Blink is a cordless home monitoring system. The system got its start on Kickstarter with a successful campaign raising over $1,000,000 in pledges from more than 6,800 backers and has since expanded to include the Blink XT, Sensors, and Services.
I've been using Blink for about a year. And so far, it's a system I would recommend to others.
- Cordless Design
- 2 Year Battery Life
- Power is Required
- Missing Some Promised Features
- Cannot Automatically Arm or Disarm
- Notification Sent After Motion Ends
Image and Video Quality with Blink
Blink uses an HD camera, which is an advantage over other cordless cameras. The quality of the video does appear to be comparable to other 720p cameras and is surprisingly clear and bold. This is not only true when viewing video at home, but also when live streaming video remotely.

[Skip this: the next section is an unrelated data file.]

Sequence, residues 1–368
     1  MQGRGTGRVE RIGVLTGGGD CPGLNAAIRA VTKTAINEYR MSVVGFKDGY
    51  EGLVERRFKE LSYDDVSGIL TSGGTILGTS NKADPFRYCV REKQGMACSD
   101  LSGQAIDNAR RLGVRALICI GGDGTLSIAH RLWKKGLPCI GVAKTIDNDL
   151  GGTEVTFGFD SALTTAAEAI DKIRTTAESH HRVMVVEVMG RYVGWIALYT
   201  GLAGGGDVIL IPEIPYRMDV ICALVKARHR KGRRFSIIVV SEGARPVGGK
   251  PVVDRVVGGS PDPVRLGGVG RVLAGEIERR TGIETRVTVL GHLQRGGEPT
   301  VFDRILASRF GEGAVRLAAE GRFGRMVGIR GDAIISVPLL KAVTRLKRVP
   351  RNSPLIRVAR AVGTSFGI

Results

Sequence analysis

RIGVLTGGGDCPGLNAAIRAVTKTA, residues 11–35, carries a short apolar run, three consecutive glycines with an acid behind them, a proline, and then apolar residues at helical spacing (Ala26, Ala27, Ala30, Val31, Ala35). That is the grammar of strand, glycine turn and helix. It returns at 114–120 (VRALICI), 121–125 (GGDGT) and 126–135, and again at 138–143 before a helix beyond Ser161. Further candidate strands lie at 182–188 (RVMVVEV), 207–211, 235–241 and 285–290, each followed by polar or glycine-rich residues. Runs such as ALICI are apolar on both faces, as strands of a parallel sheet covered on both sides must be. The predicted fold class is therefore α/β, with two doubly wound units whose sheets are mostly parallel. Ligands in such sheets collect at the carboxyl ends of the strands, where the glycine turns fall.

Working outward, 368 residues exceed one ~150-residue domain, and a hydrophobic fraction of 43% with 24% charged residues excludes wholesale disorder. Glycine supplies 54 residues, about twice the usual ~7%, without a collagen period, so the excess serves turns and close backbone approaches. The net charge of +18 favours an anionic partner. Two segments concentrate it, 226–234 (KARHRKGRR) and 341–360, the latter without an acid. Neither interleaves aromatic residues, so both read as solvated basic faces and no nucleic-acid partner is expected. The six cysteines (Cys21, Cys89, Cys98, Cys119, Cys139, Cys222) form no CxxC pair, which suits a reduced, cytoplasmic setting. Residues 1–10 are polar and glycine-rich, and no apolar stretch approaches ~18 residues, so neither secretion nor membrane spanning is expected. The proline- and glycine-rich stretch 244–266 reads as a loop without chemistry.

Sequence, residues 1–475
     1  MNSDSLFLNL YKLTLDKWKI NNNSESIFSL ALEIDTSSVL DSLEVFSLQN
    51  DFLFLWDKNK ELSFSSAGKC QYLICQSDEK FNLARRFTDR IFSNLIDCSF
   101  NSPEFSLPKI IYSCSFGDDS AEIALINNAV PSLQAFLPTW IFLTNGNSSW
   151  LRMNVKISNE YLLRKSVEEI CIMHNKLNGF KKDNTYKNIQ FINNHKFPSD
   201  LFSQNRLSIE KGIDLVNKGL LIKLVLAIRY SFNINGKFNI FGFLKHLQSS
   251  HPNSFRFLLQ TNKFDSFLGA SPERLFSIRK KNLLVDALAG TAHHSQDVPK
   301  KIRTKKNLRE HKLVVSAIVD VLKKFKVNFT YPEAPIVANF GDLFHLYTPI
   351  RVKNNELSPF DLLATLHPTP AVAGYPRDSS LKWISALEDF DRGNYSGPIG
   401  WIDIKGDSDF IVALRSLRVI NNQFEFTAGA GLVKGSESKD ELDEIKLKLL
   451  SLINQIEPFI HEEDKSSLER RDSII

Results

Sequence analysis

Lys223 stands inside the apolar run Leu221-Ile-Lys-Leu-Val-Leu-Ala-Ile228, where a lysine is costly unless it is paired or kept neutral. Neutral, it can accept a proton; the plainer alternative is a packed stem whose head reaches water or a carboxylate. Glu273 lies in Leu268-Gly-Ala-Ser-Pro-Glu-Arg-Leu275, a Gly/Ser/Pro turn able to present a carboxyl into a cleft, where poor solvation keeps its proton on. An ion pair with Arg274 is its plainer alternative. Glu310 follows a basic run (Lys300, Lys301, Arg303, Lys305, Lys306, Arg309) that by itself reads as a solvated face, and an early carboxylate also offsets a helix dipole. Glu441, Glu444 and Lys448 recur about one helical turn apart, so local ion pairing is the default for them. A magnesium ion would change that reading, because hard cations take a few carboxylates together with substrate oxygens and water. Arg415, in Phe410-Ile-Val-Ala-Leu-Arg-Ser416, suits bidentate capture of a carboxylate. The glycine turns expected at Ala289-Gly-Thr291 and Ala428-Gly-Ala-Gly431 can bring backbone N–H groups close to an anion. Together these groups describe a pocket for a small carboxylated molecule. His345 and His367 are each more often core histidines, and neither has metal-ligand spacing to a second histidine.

The camera itself cannot pan, tilt, or zoom, but it does have built-in sensors and does include a form of night vision. Most home security cameras use IR night vision. This is probably what you think of when you think of night vision. It's the type of night vision that turns everything black and white and makes eyes creepy and glowy. Blink's night vision uses an LED illuminator and advanced low-light performance. Basically, it uses a light. Yes, like a night light. When motion is detected, the light turns on and the camera records. The nighttime video quality using this method is good. In fact, if trying to recognize someone, it's easier to recognize them using this form of night vision. With an illuminator, you see in color. You can view hair color, skin tone, eye color, and clothing color. The downside is that it's a very bright light, which draws a significant amount of attention, something you may not want. Another downside is that live streaming at night isn't possible. There is no way to trigger the light to allow you to see; it is motion activated only. If you want true night vision, check out the Blink XT, Blink's newest home security camera.